By RICARDO WELLS
Tribune Staff Reporter
IN the face of a spate of murders, National Security Minister Marvin Dames yesterday announced a series of new crime fighting strategies geared towards the blanket coverage of specific hotspot areas in New Providence.
During a press conference held at police headquarters yesterday, Mr Dames announced the planned enrolment of some 105 new recruits, the roll out of a new crime reporting app, the long-awaited roll out of the Marco’s Alert planned for this week, and the incorporation of new crime fighting equipment as a part of the 2018 budget cycle, including an updated fleet of squad cars valued at $6.9m.
Referring to the Royal Bahamas Police Force’s recently published Manpower Audit, which noted that for every 100 officers recruited and deployed there should be a three percent decrease in crime statistics, Mr Dames contended that more personnel, paired with cutting-edge technology will be on display in the coming months. Mr Dames said working in tandem, law enforcement agencies are consistently making inroads to cut crime.
To date, he said there have been 51 homicides reported, compared to the same period last year when there were 70 – representing a 27 percent decrease.
Mr Dames insisted that while overall crime continues to decrease, police cannot take comfort in the fact that people are still losing their lives. He said: “We cannot sit back while murders occur as one life is one too many. The fight against crime and violence has to and will continue to be approached holistically.”
Referring specifically to a string of murders that have occurred in the month of June, Mr Dames said he has instructed all agencies under his command to do all within their power to bring them to a close quickly.
There have been 12 homicides thus far in the month of June making it the deadliest month of the year, so far.
Since Saturday, three murders have been recorded.
According to police, two of the three occurred in suspected armed robbery scenarios.
Further to that, Mr Dames yesterday suggested that a large percentage of the homicides that have occurred across the country this year, have been committed by young assailants operating with the intent to spread fear across the wider Bahamian public.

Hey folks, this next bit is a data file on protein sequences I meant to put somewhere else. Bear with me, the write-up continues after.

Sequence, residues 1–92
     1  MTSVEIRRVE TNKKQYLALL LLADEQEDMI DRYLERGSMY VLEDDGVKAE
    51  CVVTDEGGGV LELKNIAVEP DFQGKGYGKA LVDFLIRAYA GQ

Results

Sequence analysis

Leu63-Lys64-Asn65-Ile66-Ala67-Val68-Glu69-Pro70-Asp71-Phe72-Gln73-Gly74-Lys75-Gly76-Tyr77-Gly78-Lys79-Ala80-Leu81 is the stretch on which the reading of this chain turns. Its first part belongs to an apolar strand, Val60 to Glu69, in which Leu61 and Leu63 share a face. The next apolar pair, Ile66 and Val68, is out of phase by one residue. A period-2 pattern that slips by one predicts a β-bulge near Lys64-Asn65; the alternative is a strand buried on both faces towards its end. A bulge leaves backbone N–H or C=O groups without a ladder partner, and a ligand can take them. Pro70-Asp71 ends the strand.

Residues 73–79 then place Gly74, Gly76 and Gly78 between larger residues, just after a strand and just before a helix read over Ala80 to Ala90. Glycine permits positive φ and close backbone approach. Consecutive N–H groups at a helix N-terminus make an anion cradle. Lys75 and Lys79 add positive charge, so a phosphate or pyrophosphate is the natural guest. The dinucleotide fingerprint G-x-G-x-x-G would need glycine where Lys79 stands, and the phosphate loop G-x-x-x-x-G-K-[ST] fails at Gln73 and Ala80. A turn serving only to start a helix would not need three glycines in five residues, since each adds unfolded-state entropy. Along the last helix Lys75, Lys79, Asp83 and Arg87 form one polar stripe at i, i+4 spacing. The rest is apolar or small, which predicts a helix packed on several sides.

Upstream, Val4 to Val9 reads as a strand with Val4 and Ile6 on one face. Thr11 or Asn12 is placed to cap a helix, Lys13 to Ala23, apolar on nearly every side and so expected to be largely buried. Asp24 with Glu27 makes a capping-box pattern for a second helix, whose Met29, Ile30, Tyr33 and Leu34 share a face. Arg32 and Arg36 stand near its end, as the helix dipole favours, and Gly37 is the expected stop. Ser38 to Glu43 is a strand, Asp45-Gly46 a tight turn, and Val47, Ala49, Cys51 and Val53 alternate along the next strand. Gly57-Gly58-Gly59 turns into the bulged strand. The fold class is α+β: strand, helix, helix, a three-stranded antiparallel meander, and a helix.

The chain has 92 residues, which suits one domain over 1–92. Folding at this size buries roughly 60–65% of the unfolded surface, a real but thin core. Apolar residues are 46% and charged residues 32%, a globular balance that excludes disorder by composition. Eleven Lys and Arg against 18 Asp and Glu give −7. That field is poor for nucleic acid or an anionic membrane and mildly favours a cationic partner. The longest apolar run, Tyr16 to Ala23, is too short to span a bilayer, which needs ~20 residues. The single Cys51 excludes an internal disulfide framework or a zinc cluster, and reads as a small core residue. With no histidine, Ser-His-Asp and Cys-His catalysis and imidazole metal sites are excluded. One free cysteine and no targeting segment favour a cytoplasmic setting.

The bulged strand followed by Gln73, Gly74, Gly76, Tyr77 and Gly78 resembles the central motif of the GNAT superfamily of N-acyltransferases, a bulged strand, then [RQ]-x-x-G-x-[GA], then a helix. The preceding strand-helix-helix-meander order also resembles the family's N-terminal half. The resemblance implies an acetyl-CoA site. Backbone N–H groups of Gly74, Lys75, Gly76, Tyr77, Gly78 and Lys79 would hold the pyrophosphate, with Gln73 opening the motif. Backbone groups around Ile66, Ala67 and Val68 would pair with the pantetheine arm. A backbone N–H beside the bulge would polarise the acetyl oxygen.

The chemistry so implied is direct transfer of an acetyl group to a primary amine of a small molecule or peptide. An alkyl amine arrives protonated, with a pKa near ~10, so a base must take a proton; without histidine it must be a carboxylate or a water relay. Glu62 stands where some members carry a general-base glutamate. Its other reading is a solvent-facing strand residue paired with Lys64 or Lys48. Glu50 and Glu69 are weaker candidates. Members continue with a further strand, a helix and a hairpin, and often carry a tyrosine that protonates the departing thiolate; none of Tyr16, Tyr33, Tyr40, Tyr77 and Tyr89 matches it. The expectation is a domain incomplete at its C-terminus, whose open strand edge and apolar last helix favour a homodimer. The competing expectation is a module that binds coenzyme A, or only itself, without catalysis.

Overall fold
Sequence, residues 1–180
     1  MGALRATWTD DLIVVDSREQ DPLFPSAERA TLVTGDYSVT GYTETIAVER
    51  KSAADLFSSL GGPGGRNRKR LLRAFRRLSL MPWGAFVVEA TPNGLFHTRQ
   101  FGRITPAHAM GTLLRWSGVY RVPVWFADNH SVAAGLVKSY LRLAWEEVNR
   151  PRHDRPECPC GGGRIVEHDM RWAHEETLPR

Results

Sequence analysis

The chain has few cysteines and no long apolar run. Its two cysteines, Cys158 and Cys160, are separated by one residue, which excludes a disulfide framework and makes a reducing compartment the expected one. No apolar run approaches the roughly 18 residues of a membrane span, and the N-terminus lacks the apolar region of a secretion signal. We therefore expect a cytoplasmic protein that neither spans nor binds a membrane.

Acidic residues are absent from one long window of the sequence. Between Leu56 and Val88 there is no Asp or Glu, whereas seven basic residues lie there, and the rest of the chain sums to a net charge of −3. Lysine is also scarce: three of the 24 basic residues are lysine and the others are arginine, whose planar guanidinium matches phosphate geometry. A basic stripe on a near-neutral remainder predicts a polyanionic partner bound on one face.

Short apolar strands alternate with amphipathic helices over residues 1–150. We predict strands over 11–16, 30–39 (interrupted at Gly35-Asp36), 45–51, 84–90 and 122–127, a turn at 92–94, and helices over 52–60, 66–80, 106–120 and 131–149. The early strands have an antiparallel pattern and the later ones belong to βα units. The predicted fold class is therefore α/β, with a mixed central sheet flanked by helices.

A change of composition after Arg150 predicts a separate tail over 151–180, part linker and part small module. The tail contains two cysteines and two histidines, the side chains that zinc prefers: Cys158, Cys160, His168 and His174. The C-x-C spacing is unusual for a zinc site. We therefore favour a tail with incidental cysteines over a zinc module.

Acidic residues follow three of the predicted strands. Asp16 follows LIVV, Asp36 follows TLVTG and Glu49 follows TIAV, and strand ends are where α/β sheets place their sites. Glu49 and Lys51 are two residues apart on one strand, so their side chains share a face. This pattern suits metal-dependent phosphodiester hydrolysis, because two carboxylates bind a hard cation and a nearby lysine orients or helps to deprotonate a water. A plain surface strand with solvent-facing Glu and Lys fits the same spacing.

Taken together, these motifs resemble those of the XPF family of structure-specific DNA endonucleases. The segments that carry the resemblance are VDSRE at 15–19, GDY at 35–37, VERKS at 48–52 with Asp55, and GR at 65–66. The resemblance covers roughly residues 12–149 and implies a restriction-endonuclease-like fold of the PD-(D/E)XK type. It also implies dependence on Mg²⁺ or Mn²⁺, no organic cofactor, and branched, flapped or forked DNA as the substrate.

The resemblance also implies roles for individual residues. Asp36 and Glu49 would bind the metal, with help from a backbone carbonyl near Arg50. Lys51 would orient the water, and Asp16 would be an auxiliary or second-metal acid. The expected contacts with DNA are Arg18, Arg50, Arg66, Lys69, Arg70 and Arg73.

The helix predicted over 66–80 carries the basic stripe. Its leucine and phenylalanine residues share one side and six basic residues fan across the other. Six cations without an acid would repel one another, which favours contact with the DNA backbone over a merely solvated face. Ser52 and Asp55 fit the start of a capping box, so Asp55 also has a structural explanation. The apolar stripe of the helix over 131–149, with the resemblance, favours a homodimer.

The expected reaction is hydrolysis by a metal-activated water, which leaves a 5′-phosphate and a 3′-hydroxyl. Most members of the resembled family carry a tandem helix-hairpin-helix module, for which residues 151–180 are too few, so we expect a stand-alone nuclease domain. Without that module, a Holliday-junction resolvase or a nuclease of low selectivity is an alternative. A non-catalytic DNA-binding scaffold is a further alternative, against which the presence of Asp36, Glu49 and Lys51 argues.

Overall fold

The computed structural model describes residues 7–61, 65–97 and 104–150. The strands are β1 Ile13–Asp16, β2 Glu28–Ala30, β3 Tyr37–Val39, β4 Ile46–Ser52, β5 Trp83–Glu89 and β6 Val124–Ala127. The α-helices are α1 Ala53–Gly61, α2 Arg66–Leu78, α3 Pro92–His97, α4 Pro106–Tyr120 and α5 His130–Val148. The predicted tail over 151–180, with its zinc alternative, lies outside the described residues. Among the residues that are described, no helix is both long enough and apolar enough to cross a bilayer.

His comments come almost a week after he reassured Bahamians that there was absolutely no reason for them to feel unsafe.
Last Monday, Mr Dames doubled down on the narrative of the Minnis administration winning its fight against crime. To that end, he asserted yesterday: “I want to issue a stern warning to parents of young men roaming our streets. We cannot have a society where young men are roaming our streets and taking out lives of hard-working Bahamians.”
Mr Dames said the actions of this particular group of criminals “will not be tolerated.”
“We will use every tool at our disposable under the law of the Commonwealth of the Bahamas, to ensure that every hardworking and law-abiding Bahamian is kept safe,” he said. “If you choose to take on law enforcement with a firearm then there are consequences.”
Mr Dames said without question, while officers will abide by the law, they will not allow innocent people to fall victim at the hands of “gun-toting thugs.”
When asked by reporters if recent trends makes a case for the enforcement of capital punishment, Mr Dames said he has long been a supporter of plans for the country to execute the laws on its books, but admitted that he doesn’t see a situation where that would happen.
Mr Dames insisted that on many levels, he has taken it upon himself to design and introduce strategies that both detect and prevent crimes more deliberately. However, he said members of the public now need to live up to their responsibilities and help police in their fight against crime.
He said: “We are extremely proud of the progress we are making, but takes you aback whenever people lose their lives, especially persons who were hard at work making ends meet for their families and it is never a good sign.”
He continued: “So the two incidents, the incident (Sunday) morning and the incident on (Saturday night) you know, there are people out there who know what happen. Why should the police have to go and work so hard to find them, right, as Bahamians don’t we have an obligation to say, ‘Hey listen, the guy right around the corner, they were just talking, they killed that man last night.’
“Why should police through an investigative process have to put in a significant amount of man hours, not complaining, they are all up to it because of the progress that we are making, they are arresting these people, they are putting them before the court. But as Bahamians we have to live up to are obligation, we have to live up to our responsibility to protect the other.
“It is like seeing someone break into your neighbour’s house and jumping into your vehicle and pretend like you didn’t see it and drive off. We have to move away from that, “ Mr Dames said. “We can not keep beating up on it being a police problem, a police problem. I met with them and I expressed some of the concerns that I have, some of the areas that I see where they can improve, now the commissioner and his team will have to go because they are responsible for the operation and the strategy outlay and they will have to go and address it.”